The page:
The monthly meetings of the Echo Park Improvement Association normally devote much time to complaints about cracked sidewalks, reports on car burglaries and what’s new at the library. But Thursday night’s meeting turned into a community counseling session that brought the grieving family and friends of Eric Zamarripa, one of the leaders of the Echo Park gang who was gunned down at his home by a fellow ExP member, face-to-face with residents fearful of more shootings and gangs.
Zamarripa’s mother showed up as did William Vargas, who was shot and injured in the Sunday afternoon shooting spree that police blame on an internal ExP dispute. Also making a brief appearance was former LAPD officer Joe Writer, who considered Zamarripa a major threat to the safety and security of Echo Park. The people who spoke included a woman who burst into tears describing police harassment of her son, and one resident who suggested people should say “hi” to each other more often to diffuse tension. There were also the typical tangents and random synapse moments you have to endure at any Echo Park meeting. At one point, the more than 75 residents and cops packed into the cabin-like interior of Williams Hall fell quiet as they offered a few moments of silence in memory of Zamarripa.
The emotions and tensions displayed last night over everything from gang violence to neighborhood gentrification reflected the torrent of comments to The Eastsider’s post on Zamarripa’s death. But, unlike most of those online comments, no one was anonymous last night. There was no place to hide.
Here are some of the comments from last night’s meeting in the order they were given (or you can listen in four-parts) :
don’t really know how it really is.”
“I’m serious. Who ever does not want to respect each other and does not want to work with each other, there’s the door. Simple as that. We are here for solutions … So gentrification or no gentrification – forget about that. We are all equal. We are all living here and this is our community.”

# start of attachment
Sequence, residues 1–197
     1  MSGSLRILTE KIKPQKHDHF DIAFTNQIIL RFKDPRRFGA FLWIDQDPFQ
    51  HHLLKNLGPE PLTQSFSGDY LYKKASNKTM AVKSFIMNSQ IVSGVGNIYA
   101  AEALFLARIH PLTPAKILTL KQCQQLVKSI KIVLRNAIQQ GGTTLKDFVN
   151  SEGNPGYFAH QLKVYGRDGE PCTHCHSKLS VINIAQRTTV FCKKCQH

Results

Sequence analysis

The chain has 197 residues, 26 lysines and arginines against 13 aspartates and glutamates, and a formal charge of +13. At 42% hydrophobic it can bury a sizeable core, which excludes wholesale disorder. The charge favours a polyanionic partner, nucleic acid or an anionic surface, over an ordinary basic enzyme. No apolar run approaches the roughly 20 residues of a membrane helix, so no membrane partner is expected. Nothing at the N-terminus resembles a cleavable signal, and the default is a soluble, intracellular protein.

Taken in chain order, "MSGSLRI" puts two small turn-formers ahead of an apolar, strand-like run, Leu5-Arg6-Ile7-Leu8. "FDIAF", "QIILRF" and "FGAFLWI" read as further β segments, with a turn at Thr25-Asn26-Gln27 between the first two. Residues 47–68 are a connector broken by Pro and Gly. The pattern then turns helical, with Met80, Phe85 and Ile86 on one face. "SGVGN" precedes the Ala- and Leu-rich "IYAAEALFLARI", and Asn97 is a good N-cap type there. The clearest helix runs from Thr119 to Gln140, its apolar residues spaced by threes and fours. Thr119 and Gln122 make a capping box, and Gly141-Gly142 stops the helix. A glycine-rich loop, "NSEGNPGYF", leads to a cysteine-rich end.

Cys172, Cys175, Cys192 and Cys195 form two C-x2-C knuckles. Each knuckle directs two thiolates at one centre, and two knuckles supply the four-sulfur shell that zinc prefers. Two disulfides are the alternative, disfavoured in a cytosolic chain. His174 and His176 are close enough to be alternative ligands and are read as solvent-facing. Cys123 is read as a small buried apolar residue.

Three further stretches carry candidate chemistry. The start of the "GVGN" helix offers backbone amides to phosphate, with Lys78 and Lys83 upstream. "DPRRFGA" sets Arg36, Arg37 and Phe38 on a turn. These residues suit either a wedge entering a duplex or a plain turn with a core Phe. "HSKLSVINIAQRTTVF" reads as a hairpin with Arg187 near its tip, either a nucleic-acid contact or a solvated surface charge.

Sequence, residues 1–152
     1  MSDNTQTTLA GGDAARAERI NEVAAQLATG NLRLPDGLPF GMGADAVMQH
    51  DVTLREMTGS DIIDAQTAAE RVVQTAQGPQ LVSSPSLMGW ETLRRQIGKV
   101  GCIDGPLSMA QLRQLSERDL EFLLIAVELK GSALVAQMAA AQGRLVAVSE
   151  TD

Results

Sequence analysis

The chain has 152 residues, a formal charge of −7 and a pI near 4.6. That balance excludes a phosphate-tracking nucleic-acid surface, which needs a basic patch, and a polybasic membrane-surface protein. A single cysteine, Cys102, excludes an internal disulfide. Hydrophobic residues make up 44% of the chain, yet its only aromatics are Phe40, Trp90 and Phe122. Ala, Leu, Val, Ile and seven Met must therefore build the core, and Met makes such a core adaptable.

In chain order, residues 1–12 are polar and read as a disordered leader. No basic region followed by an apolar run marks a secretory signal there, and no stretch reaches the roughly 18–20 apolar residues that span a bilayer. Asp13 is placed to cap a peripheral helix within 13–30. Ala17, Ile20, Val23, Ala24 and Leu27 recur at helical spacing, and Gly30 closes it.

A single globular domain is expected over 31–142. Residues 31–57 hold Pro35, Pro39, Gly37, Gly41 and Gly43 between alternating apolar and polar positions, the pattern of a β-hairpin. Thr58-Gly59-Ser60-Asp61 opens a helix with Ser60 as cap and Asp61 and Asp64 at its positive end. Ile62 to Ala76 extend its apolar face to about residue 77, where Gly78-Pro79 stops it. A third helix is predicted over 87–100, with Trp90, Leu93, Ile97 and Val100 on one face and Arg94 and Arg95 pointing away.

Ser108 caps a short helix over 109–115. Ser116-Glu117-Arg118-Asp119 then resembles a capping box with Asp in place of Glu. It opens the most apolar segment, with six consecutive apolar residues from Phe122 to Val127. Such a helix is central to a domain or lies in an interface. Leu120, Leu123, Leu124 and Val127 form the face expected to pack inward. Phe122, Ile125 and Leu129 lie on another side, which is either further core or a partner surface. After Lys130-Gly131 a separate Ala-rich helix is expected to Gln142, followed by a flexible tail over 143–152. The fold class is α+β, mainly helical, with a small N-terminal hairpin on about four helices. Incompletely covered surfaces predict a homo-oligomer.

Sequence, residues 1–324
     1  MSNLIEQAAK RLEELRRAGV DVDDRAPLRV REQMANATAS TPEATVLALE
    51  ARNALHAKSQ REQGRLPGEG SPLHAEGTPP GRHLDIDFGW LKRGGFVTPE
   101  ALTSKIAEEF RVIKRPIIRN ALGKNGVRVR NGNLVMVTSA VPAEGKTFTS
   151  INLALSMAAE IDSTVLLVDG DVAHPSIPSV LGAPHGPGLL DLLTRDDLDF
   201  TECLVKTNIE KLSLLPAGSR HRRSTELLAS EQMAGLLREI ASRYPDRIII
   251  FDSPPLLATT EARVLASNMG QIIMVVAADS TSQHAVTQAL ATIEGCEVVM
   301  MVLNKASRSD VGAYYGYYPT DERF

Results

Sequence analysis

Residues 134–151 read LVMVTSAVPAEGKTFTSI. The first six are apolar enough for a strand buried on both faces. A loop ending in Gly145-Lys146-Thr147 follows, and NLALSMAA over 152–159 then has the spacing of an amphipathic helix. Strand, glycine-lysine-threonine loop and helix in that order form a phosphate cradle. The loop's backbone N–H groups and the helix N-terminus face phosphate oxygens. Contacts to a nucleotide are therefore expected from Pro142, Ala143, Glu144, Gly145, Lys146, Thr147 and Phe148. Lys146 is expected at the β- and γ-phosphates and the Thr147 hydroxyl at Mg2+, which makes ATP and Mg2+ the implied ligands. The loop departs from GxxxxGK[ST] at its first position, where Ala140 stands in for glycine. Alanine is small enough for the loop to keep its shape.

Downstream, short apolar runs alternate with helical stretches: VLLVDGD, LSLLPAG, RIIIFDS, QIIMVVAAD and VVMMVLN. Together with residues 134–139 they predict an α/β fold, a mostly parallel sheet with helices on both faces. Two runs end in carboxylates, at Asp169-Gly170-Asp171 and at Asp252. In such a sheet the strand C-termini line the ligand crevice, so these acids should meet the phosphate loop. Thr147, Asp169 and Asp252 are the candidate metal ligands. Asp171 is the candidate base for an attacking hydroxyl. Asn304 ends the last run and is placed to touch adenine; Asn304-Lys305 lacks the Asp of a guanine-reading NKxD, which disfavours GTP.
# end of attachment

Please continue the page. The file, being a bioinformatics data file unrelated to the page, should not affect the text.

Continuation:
“I don’t know why you people feel scared to walk in our neighborhood. I don’t know why you feel scared to be among us. I want the people to quit hiding behind the fact that they are so good and so great and we are not. Hey, I care about this this neighborhood more than you do because we’ve lived here our whole life.”
“There is no stone throwing here. We are sitting here to resolve it, to have everybody be able to walk down the street without gunfire. It’s not about White, Hispanic, Black, anything. It’s about just living in the neighborhood.”
“Some people have been here for 50 years, some people have been here for 15 minutes. If you want to have a strong neighborhood, you all better come together.”
“I hope that we are all saying ‘hi’ to all of our neighbors regardless of the color of their skin. There is a lot of great people in this neighborhood. Just get to know everyone … I’m half Mexican, half White. I’m so proud to live in this neighborhood.”
“But my son is gone. It’s too late … These kids I’ve known all my life. I’ve changed diapers. You can call them gang members. You can call them whatever you like. But in the Echo Park area we got no help when these kids were growing up. We got no help.”
“It’s easy for all us to get stuck on race and who was here longer and who wasn’t. But my kids, I have teenage children, and they play in this community… It does frighten me that my children could be hanging out somewhere at the wrong place at the wrong time.”